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BROOKLYN - A perfect storm hit Barclays Center Tuesday night.
Call it Tropical Storm Jason, although the first thing Jason Kidd would say is change the name.
Kidd enjoys being singled out for his coaching prowess as much as New Jersey Gov. Chris Christie likes being asked about Bridgegate.
But try as he might, Kidd can't escape this fact, and neither can Nets' fans:
Without him at the helm, the Nets don't enjoy the night they had, don't relish the season they are having, don't write their names in their franchise record books.
The Brooklyn Nets beat the Houston Rockets, 105-96, to set a franchise record with 14 straight home wins.
The victory also clinched a playoff berth and came just hours after Kidd became the first coach in Nets’ history to win two Coach of the Month honors in the same season – January and March.
"It's not a coach award, it's the way the guys are playing," said Kidd, who led the Nets to a 12-4 record in March. "And when the guys are playing great, my job is to stay out of the way. It's a great honor for those guys. Unfortunately, they put the coach's name on it."
The coach's name – Jason Frederick Kidd - deserves to be on it.
He went through his growing pains, no doubt.
Kidd opted to shuffle his coaching staff, knowing he was putting more responsibility on himself.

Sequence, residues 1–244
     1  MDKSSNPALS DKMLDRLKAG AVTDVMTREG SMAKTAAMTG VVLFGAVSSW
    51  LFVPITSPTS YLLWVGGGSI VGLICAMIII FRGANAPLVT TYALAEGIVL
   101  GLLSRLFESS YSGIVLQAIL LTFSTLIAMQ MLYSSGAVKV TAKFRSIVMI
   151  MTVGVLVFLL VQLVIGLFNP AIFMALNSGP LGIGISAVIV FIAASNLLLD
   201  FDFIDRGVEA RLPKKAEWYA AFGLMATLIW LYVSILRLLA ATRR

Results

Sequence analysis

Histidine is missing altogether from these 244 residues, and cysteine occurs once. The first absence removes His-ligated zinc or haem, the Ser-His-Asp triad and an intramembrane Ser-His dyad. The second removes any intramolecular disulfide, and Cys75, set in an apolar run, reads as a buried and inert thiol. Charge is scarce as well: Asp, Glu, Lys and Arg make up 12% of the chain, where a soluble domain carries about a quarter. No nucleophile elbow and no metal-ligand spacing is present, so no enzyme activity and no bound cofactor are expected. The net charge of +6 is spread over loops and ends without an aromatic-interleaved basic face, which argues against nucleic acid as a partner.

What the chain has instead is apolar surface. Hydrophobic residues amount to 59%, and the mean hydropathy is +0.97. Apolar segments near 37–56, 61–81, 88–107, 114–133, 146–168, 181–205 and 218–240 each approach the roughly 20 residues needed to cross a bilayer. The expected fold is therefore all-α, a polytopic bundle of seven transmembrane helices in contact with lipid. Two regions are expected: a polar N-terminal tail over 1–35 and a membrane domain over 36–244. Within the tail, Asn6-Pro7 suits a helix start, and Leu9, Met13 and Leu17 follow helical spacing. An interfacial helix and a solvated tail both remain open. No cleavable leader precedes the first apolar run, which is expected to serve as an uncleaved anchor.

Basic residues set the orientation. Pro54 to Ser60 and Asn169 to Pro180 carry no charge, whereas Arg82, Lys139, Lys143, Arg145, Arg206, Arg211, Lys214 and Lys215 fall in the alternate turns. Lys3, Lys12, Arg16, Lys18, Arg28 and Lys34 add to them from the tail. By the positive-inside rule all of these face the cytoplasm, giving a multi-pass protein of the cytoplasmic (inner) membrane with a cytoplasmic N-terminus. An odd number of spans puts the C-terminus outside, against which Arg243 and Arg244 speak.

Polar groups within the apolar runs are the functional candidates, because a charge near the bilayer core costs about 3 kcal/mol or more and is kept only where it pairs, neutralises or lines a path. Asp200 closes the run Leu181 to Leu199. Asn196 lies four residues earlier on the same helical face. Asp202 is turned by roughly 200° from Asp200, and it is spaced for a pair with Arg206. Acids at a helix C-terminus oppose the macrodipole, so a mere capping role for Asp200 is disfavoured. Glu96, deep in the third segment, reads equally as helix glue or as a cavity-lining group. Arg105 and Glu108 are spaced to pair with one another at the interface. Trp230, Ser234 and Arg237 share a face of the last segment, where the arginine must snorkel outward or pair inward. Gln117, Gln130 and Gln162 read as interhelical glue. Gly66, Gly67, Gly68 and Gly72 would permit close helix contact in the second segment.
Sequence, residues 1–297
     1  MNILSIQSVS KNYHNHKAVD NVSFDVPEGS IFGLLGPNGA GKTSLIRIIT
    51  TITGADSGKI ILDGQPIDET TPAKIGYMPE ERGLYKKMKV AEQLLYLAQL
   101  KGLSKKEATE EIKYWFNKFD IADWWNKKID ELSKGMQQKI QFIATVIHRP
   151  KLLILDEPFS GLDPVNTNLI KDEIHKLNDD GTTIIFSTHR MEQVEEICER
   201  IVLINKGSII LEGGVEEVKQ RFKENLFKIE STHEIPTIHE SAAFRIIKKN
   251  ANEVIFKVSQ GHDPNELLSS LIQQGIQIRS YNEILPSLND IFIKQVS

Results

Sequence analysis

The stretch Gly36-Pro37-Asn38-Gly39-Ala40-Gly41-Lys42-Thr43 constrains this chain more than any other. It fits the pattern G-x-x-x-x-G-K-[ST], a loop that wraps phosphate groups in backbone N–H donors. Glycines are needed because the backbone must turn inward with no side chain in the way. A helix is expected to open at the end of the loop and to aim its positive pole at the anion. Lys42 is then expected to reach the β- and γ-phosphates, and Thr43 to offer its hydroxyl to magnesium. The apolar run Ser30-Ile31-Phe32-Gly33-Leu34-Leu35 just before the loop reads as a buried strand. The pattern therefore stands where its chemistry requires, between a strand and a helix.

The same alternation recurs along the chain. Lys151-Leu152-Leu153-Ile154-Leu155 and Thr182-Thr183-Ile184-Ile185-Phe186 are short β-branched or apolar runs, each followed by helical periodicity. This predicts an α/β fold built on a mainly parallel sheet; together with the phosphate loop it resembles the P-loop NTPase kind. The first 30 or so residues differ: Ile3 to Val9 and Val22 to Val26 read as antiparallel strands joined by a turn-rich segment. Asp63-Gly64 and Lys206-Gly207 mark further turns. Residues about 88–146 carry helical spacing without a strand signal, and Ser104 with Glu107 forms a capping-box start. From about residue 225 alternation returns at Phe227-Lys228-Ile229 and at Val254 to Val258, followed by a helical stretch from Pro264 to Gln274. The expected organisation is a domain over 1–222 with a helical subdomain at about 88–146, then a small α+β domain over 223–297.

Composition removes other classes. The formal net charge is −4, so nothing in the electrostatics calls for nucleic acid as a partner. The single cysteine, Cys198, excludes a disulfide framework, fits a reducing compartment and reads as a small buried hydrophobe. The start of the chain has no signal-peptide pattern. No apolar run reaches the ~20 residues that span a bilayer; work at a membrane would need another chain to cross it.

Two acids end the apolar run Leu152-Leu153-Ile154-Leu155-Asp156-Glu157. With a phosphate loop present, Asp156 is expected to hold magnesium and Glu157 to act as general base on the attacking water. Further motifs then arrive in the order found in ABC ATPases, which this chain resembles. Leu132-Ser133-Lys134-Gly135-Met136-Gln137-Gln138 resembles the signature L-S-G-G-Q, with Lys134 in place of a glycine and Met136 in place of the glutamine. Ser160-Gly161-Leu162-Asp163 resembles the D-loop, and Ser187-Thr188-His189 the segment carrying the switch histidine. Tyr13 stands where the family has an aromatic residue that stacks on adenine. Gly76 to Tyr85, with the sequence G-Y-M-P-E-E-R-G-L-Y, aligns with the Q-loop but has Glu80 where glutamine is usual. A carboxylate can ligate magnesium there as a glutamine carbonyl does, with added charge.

His $50,000 fine for asking Tyshawn Taylor to bump him, which led to the infamous spilled cup of soda in the waning moments of a 99-94 loss to the Lakers on Nov. 28, will be something he can laugh about when he's bouncing grandchildren off his knee.
But today, Kidd's stature as a successful NBA coach can't be denied.
No team has won 14 straight at home at this season.
Only one other coach in NBA history, Chicago's Tom Thibodeau, has won the award twice as a rookie.
Kidd has done this despite losing center Brook Lopez (broken foot) for the season and not having Kevin Garnett (back spasms) for the last 17 games.
He has done it by showing remarkable patience in the face of the tropical pressure known as: Win Now! Prove Yourself, Now!
"I trust the process of becoming a team," said Kidd. "I think when you look at the high expectations, the new faces, new defensive schemes, offensive schemes, guys finding their way, being traded for the first time, there a lot of different things that are going on and you've got to put the pieces of the puzzle together," Kidd said.
"And you sprinkle in some injuries. So it's just a matter of time, being patient. We didn't get off to a great start but guys kept working and we found our way.''
The Nets, now 40-33 after a 10-21 start, are in the playoffs. They have won 21 of the last 23 at Barclays Center. They are the hottest team in the Eastern Conference, playing their best ball as the playoffs approach.
Kidd will not take credit for any of this. He said in training camp that he wanted to coach because he thought he had something to offer – a knowledge of the game and the ability to communicate that.
That's his reward.
He was asked before the game if there are any awards, any trophies, any individual accolades that matter to him.
"The only ones that I really treasure are the Olympic gold medals (2000, 2008) that I have representing my country, and winning the [2011 NBA] championship,” Kidd said. “Those are the only ones I really recognize. Anything else is just part of the game.
"This coach of the month is great but it's about those guys in the locker room; those guys are playing at a high level. And as I said earlier, I just have to stay out of their way."
Well, he's done a heckuva a job doing that, hasn't he?